"That would be great. I rode my bike here and it's starting to snow."

"No problem. See you in your office. Oh, if you don't have any plans, we've been invited to Joel's place tonight. Most of the guys from the station will be there."

"I'll add that to my list. I should be able to get all the parties in by morning."

"Hey, who's going to protect me against Cassie? I thought you were my partner."

"You're on your own there, Jim. Hey, I've got some new info on Sentinels and their partners. I'll bring it home tonight."

"From those books you were reviewing for the library?"

"No, from a fax a friend of mine is sending me from Brazil. Authentic stuff from an Amazon tribe."

"Authentic stuff for them, Chief. Remember that. It might not be for us." Jim had that warning tone in his voice he used whenever Blair would mention shamen, or anything else that Jim considered too mystical.

"We'll see, big guy. See you at four. It's starting to really come down here and I'm getting wet." He juggled the books again to get the phone back in his pocket, then slid the rest of the way to the library.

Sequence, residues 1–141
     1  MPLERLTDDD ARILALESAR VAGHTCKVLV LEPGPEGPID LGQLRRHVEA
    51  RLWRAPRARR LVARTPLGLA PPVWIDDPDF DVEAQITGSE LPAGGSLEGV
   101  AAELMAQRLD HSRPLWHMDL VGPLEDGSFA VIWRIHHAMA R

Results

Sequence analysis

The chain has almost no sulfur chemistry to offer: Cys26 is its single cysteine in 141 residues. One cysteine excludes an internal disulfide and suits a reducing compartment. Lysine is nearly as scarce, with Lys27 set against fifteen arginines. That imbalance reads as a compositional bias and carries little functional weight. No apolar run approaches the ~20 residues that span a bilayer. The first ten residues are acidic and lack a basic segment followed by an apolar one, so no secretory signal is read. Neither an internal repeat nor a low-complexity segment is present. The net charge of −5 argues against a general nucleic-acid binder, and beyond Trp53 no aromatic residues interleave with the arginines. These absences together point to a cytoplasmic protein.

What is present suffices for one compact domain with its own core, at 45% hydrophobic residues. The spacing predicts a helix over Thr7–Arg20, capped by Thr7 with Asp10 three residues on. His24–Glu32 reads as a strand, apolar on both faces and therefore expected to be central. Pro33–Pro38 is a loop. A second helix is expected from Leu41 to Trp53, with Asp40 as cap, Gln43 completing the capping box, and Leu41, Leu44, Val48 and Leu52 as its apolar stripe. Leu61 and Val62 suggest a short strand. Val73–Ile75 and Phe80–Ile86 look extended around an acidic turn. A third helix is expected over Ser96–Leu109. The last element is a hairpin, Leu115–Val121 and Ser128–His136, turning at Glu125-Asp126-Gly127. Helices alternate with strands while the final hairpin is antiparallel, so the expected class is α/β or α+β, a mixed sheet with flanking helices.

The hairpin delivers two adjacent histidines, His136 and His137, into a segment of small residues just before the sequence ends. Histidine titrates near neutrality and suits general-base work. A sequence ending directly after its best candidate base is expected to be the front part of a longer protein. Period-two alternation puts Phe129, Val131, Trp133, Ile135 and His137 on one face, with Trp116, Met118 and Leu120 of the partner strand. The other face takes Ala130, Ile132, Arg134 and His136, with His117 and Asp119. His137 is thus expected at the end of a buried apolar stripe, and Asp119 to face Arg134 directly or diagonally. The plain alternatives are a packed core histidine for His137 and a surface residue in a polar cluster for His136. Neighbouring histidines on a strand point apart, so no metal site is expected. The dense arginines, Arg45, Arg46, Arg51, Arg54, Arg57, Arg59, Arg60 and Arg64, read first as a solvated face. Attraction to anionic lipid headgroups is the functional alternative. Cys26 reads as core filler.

It had taken him almost ten minutes to get back. He shook the damp snowflakes from his hair as he grabbed the first page from where Sally had left it for him on the counter. He settled down on one of the lobby couches to read it while he waited for the rest of the pages.

The first two paragraphs were a greeting from Brenda and a brief introduction to the man whom she had been interviewing, giving his name, his estimated age, and where his tribe lived. Then she began a series of excerpts from his stories, things she thought would fit into Blair's thesis research.

He's talking about a man in their tribe who was their watchman, who lived outside the village when he was a child and guarded them. Their village was strong because of this man. Few villages had a true watchman. This man was blessed of the spirits and they granted him the keen sight of the condor and the keen sense of smell and hearing of the jaguar. He said this watchman lived alone, always by himself, but then he starts talking about the watchman's companion. My translator stopped and asked him how the watchman could live alone if his companion was always there and the tribesman couldn't understand the question. (?) He described the companion briefly, as follows.